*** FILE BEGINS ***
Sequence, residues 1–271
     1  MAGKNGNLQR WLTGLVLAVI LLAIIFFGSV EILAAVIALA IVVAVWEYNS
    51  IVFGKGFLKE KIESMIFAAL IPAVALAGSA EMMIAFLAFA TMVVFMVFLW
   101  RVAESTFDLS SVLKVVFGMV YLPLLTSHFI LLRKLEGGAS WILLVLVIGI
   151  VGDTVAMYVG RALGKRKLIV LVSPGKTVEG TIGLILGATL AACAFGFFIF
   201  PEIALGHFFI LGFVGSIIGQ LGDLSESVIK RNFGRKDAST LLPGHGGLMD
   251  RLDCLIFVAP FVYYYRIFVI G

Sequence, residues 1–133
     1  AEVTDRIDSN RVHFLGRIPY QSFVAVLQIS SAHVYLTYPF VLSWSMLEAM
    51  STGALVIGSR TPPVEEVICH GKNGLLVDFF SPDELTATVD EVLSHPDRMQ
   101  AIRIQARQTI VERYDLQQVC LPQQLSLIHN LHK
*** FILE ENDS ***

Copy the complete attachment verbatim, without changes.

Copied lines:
Sequence, residues 1–271
     1  MAGKNGNLQR WLTGLVLAVI LLAIIFFGSV EILAAVIALA IVVAVWEYNS
    51  IVFGKGFLKE KIESMIFAAL IPAVALAGSA EMMIAFLAFA TMVVFMVFLW
   101  RVAESTFDLS SVLKVVFGMV YLPLLTSHFI LLRKLEGGAS WILLVLVIGI
   151  VGDTVAMYVG RALGKRKLIV LVSPGKTVEG TIGLILGATL AACAFGFFIF
   201  PEIALGHFFI LGFVGSIIGQ LGDLSESVIK RNFGRKDAST LLPGHGGLMD
   251  RLDCLIFVAP FVYYYRIFVI G

Sequence, residues 1–133
     1  AEVTDRIDSN RVHFLGRIPY QSFVAVLQIS SAHVYLTYPF VLSWSMLEAM
    51  STGALVIGSR TPPVEEVICH GKNGLLVDFF SPDELTATVD EVLSHPDRMQ
   101  AIRIQARQTI VERYDLQQVC LPQQLSLIHN LHK